Climate Communication in the Time of COVID-19

Aditi Sinha, May 8, 2020

Communicating about climate change has never been easy. The subject is complex, marred by uncertainties and tends to evoke emotionally and politically charged responses. How then do we talk about climate change as the global community grapples with the COVID-19 pandemic today? How do we do this in a post-pandemic world?

In the last few years,  climate change moved to the  centre stage  of global affairs gaining a significant amount of media and policy attention. Today, nations are mounting emergency responses to COVID-19 to save lives and to restrict the damage to their economies.

As priorities have shifted, climate leaders and communicators must consider how to continue to highlight the climate crisis. One may argue that this may not be the best of times to champion for climate change. Because of COVID-19, lives have been lost, and communities and nations turned upside down. The disruptions to health, economy, livelihoods, business and industry are expected to draw the focus away from climate change.

It may be some time before we can use the terms “climate emergency, crisis or breakdown” when nations across the world are  singularly focused on “flattening the curve”. We do not know how long it will be before Greta Thunberg and the “Fridays for Future” movement will take to the streets again.  Nor can we be certain when clean energy and climate action will dominate the global discourse again.

Even so, there are still ways and possibilities to drive the climate change conversation in this new and evolving context.

Beyond direct health responses, nations are launching economic and fiscal stimulus programmes that can shape their future. If some of these programmes are designed and implemented through a climate lens, it is possible for the post-COVID world to be greener and more sustainable. The United Nations is already spelling this out—by calling on governments to seize the opportunity to “build back better” by creating more sustainable, resilient and inclusive societies.  United Nations Secretary-General António Guterres, has emphasized the “need to turn the recovery into a real opportunity to do things right for the future”, proposing climate-related actions that countries can take, to shape during their recovery process.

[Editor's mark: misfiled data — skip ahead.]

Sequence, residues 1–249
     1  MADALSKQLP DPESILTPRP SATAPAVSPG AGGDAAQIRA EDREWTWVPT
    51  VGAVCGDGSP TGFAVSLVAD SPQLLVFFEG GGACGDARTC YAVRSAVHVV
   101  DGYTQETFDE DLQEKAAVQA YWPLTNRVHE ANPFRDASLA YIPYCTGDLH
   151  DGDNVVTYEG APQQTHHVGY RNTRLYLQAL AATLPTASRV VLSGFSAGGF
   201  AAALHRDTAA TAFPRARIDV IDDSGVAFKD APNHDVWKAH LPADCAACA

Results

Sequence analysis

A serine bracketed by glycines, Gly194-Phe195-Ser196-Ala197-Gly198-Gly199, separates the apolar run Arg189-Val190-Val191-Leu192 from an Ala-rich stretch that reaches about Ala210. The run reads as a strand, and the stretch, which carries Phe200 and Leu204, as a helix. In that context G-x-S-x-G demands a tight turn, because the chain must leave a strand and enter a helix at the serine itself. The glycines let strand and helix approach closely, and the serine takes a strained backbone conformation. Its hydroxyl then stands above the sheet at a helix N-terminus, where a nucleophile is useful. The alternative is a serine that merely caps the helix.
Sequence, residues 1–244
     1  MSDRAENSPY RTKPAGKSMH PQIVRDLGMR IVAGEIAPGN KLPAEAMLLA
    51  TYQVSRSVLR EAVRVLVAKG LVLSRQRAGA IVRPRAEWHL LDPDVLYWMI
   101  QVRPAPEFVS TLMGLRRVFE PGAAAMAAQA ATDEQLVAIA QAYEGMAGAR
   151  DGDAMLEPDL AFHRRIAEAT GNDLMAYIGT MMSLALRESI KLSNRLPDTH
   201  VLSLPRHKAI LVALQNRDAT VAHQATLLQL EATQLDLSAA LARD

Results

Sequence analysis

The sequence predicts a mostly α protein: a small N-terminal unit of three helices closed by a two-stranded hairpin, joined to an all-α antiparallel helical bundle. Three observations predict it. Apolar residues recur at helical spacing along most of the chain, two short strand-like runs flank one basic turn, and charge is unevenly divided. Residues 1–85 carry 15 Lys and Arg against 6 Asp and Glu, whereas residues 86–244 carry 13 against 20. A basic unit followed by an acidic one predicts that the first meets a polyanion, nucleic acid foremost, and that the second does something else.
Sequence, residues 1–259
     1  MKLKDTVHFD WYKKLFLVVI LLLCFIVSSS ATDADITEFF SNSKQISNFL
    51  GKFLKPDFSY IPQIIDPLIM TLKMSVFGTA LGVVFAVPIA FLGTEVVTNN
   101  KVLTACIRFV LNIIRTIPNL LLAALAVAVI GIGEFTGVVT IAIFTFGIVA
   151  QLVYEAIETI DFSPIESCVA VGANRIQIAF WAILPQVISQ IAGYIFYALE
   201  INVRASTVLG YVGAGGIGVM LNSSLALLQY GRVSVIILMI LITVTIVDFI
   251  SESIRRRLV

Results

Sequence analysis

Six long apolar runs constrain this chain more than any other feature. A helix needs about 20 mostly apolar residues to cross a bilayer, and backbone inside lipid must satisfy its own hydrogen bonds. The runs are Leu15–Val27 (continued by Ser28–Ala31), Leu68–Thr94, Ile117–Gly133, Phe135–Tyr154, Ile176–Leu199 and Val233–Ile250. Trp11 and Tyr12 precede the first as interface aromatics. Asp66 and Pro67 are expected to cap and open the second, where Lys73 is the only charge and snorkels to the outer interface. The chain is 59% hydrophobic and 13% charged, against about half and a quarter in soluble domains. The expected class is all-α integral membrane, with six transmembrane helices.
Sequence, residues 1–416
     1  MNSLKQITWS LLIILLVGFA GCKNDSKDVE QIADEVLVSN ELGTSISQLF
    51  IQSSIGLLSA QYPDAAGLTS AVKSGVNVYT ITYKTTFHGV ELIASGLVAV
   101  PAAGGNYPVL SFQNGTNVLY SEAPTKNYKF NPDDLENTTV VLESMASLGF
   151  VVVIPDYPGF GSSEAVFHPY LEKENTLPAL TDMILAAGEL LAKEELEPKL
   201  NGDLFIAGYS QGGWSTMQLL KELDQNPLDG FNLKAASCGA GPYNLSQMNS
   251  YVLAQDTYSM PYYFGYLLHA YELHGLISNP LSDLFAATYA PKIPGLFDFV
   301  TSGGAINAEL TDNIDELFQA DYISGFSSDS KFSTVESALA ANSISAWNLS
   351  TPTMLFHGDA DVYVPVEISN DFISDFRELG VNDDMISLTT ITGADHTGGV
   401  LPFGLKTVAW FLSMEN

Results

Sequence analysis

This is more so important given that before COVID-19 hit us,  many nations were on the path to their Nationally Determined Contribution (NDC).  We will need to quickly resume efforts in order not to lose the gains made since Paris 2015.

With healthcare now at the frontline, there is an opportunity to connect the COVID-19 crisis to climate change in order to identity common solutions. Robust and well-performing health systems can go a long way in protecting the public from health threats. This is where we can highlight the human cost of poor health systems when having to respond to any kind of crisis—whether it is COVID 19, the ongoing impact of climate change on health, or other factors such as the lack of basic water, sanitation and hygiene services than can weaken healthcare.

Population groups already struggling with poverty, marginalization, air and water pollution are disproportionately vulnerable to COVID-19. More than ever, we will need to talk about cross-sectoral solutions that can address the structural inequalities in economies that affect both crises.

This is also a time for communication that is people-centric and speaks to values  of compassion and community. This is a time for communication to be sensitive. For instance, the lockdown has reduced economic activity, leading to localized improvements in air and water quality including the closing of the ozone hole over the Arctic. This is not a cause for celebration because the human cost of COVID-19 is so great. Equating this to a gain shows a disregard for people’s wellbeing, and can even go against the cause of climate action.  Instead, we need to talk about ways to hold on to some of these gains in a post-pandemic world.

As institutions  devoted to the cause of clean energy and climate change  in India,  we must continue to advance our core missions. In the face of COVID-19, we will need to re-think our current role and contribution, continue to find relevant ways to communicate the cause, and come out on the other side more resilient and tougher than before.

Aditi Sinha is Associate Director – Communications, Shakti Sustainable Energy Foundation.

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